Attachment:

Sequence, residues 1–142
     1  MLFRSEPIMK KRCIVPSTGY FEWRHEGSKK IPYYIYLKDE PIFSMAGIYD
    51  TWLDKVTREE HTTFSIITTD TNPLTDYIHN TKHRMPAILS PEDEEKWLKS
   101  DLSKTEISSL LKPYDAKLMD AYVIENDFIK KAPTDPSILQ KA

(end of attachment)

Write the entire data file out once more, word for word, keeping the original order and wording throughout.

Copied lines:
Sequence, residues 1–142
     1  MLFRSEPIMK KRCIVPSTGY FEWRHEGSKK IPYYIYLKDE PIFSMAGIYD
    51  TWLDKVTREE HTTFSIITTD TNPLTDYIHN TKHRMPAILS PEDEEKWLKS
   101  DLSKTEISSL LKPYDAKLMD AYVIENDFIK KAPTDPSILQ KA